Tag Archives: ladies banking

The Garter Purse and the Stocking Room: 1905



The Latest Device to Protect Women Against Pickpockets

New York, Feb. 16. Gentle woman will in future carry her small change in a chamois purse fastened to a steel slide which runs along her garter. This is in compliance with the plan suggested by a prominent banking house, which proposes to give 1,000 of the purse-garters to its women customers. The slide is a steel affair and absolutely reliable; the clasp of the purse is beyond suspicion; but the method of attack is left entirely to the individual.

If Mother Eve had been guilty of hosiery, the inception of its use for the concealment of stray coin would doubtless have been laid at her door. Even the experts consulted yesterday were at a loss to determine the responsibility, though Dr. Mary Walker as prominently mentioned. Dr. Mary’s exemption from the disadvantages of the rest of the sex seemed sufficiently strong evidence in the feminine mind. The wad used to be carried invariably well down—that is, just below the point of the widest circumference. Singularities of gait were accounted for by the fact that in moments of exuberance the wad worked up. Sometimes it surmounted all the undulations and escaped into space.

Later, when the garter rose above the knee, the wad rose with it.

At the opening the St. Louis exposition manufacturers put upon the market a stocking with a long pocket—a gain in convenience but the hump still remained. But the purse which will hang on the outside of either garter solves the artistic question and saves a few blushes. The Wichita [KS] Daily Eagle 17 February 1905: p. 9

Laying aside the question of shameless pick-pockets “frisking” ladies or “wads” of bank-notes disfiguring a gown’s fashionable line, the next article tells of the innovative bank who created the garter purse as well as a sanctum for ladies wishing to access the funds concealed in their stockings.

This is a story,” says the World, “of honi soil qui mal y pense. It concerns the pocketless woman and then only if she carries hers in her hosiery. It is a bad habit. Coin of the republic wandering about on exploring expeditions inside warranted lisle thread or web silk is apt to be disconcerting to the most self-contained woman. The feminine intelligence will grasp the aggravations of the situation at a glance. It did grasp them yesterday afternoon at the Hotel Astor when, before the West End Republican Club, the monthly report of Mrs. Belle de Rivera, touching on momentous questions, legislative and others, made mention of the fact that a representative banking house was considering the feasibility of presenting garters to all its women depositors. Not the ordinary affair, with a wicked little bow and a gold clasp, unworthy of its responsibility. This garter is to be as plain and uncompromising as an unbecoming bonnet, with no weakness or sentimentality about it. Securely fastened to the circlet will be a chamois pocket, with a strong lock. The banking house, with the proper modesty, alludes to this as ‘a secret receptacle to carry funds,’ and has a plan to order 1,000 of them for presentation immediately.”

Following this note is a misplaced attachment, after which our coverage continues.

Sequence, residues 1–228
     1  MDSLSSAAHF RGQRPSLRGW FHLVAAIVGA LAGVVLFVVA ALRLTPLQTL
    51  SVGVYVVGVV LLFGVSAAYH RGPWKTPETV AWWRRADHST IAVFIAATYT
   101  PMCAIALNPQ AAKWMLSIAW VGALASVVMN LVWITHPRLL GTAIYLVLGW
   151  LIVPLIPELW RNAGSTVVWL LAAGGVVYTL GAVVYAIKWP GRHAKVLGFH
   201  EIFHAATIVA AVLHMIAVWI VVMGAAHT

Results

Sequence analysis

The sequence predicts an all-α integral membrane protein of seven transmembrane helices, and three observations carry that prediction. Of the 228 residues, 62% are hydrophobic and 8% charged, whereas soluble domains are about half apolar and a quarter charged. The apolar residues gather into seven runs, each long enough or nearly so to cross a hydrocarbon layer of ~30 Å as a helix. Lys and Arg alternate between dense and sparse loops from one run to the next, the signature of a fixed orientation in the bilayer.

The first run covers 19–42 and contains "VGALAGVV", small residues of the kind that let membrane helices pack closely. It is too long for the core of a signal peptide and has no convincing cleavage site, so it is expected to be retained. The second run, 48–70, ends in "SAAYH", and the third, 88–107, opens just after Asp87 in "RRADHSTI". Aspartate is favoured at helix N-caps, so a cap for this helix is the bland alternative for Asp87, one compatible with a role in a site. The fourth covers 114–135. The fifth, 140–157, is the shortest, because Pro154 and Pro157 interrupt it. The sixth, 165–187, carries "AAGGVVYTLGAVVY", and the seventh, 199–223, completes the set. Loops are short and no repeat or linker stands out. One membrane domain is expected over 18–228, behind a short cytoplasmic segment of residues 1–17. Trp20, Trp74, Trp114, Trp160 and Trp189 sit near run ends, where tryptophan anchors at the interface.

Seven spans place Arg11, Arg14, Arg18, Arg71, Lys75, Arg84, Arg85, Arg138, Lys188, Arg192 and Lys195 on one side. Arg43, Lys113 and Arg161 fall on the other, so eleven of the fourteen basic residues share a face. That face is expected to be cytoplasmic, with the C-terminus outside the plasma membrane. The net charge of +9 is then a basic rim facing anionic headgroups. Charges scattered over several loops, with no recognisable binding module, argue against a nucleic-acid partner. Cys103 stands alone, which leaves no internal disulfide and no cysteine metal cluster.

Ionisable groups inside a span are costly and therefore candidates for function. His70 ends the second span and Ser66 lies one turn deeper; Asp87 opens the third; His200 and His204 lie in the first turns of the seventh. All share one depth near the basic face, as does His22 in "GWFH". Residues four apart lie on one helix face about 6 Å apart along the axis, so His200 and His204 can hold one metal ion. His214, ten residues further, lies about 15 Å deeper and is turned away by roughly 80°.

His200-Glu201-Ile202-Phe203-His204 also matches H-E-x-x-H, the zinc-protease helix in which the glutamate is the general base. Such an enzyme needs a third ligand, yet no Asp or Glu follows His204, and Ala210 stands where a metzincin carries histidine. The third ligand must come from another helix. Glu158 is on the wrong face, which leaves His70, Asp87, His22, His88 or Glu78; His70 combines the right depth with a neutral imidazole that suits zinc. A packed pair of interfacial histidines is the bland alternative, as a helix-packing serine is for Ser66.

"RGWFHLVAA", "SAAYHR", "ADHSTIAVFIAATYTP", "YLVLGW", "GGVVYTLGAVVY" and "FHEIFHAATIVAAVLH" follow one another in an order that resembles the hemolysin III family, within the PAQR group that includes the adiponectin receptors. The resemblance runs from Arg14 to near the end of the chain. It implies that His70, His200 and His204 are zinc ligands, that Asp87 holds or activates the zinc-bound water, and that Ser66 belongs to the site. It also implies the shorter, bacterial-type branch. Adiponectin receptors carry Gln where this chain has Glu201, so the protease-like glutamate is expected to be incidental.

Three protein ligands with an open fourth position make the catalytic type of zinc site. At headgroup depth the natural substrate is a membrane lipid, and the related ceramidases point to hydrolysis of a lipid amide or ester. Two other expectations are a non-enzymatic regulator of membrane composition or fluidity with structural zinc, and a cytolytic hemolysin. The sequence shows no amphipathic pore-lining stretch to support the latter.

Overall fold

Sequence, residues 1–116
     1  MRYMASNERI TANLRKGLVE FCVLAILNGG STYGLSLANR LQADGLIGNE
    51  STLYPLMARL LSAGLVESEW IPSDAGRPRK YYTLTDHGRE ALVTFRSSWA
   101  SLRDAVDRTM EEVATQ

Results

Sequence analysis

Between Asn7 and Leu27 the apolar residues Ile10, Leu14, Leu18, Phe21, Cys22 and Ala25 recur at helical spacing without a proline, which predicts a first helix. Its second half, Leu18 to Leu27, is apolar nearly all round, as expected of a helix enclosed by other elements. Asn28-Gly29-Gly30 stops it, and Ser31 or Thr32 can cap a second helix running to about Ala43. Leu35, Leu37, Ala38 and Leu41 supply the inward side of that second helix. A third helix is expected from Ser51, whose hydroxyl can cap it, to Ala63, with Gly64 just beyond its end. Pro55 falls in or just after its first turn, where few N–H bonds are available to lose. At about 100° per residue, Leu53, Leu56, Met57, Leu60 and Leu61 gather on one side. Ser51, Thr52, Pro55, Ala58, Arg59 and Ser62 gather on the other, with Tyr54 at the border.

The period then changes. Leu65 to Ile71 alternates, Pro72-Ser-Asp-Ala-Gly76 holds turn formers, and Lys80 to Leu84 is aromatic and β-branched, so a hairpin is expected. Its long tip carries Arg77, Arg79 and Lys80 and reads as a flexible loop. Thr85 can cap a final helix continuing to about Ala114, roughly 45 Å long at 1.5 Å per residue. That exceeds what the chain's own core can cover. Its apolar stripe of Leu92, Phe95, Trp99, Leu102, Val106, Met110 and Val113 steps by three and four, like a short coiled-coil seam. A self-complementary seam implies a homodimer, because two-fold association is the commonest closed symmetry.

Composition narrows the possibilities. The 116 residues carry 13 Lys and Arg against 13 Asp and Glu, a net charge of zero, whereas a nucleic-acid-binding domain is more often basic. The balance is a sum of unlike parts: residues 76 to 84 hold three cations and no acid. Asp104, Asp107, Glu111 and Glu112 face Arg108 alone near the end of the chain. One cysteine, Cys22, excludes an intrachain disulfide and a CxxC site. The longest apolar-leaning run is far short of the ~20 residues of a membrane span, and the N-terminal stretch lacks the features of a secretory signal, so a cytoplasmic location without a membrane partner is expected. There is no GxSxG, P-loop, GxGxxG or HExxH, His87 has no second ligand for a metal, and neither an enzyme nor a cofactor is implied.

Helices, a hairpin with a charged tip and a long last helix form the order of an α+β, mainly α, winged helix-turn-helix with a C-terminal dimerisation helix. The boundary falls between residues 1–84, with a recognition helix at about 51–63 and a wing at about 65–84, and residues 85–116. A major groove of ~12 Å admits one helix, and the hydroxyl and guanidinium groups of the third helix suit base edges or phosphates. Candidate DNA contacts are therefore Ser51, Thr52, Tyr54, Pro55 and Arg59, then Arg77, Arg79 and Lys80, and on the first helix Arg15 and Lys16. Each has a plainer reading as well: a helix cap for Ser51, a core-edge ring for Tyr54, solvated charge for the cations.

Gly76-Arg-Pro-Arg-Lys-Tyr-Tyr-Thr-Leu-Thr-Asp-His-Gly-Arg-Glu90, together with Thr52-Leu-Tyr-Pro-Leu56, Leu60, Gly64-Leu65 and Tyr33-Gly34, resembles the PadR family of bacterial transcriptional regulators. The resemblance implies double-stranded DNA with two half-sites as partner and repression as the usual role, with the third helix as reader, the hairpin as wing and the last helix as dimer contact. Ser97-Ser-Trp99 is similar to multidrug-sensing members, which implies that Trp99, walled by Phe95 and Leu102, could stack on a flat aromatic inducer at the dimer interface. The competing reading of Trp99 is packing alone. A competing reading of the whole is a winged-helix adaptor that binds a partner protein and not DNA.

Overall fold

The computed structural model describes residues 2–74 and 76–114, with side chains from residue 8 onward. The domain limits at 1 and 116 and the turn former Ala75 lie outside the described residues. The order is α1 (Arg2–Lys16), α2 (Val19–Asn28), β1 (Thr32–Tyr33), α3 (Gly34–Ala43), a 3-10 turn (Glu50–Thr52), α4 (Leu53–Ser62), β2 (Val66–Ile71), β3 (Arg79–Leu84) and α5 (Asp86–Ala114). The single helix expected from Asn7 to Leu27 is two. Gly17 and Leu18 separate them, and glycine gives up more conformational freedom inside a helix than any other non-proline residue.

The bank’s idea is not entirely new. There is already a ” stocking-room ” established by the National Bank of Commerce in Kansas City. It proved to be such a popular innovation with the ladies, that the idea has been adopted in several other Kansas City banking institutions. The ” stocking-room ” is a small apartment, but it is beautifully finished in mahogany and plate glass. The floor is covered with a Persian rug, and four little leather- covered stools, each about twelve inches high. stand against the walls. The purpose of the stools is apparent. No longer is it necessary for the fair customer to kneel on the floor or lift one foot to a high chair to find her money. Men are barred from this little room during banking hours.

W. H. Winants. president of the bank, said: “I don’t know who gave it the name of ‘stocking-room,’ but it seems appropriate and comes to stay. The room has proved itself a convenience to many patrons who have praised our forethought. The incident that decided the bank officers to build the room was when a portly woman entered and showed the usual embarrassment when it came to producing her money. When she again appeared at the teller’s window she placed nearly $3,000 in bills on the counter. Where she had carried the money nobody would venture to say.” The Argonaut [San Francisco, CA] 27 February 1905

Mrs Daffodil’s Aide-memoire: Mrs Daffodil regrets that she could locate no historic example of the useful garter purse. The illustration at the head of this post shows a modern bride’s purse garter, a notion that perplexes Mrs Daffodil. Does the bride really need “mad money” or cab-fare on such an occasion? A bride’s “flask garter” is also available. One would suspect that a bride who needed such an accessory to go through with the ceremony might wish to reconsider her choice of gentleman.

Mrs Daffodil invites you to join her on the curiously named “Face-book,” where you will find a feast of fashion hints, fads and fancies, and historical anecdotes

You may read about a sentimental succubus, a vengeful seamstress’s ghost, Victorian mourning gone horribly wrong, and, of course, Mrs Daffodil’s efficient tidying up after a distasteful decapitation in A Spot of Bother: Four Macabre Tales.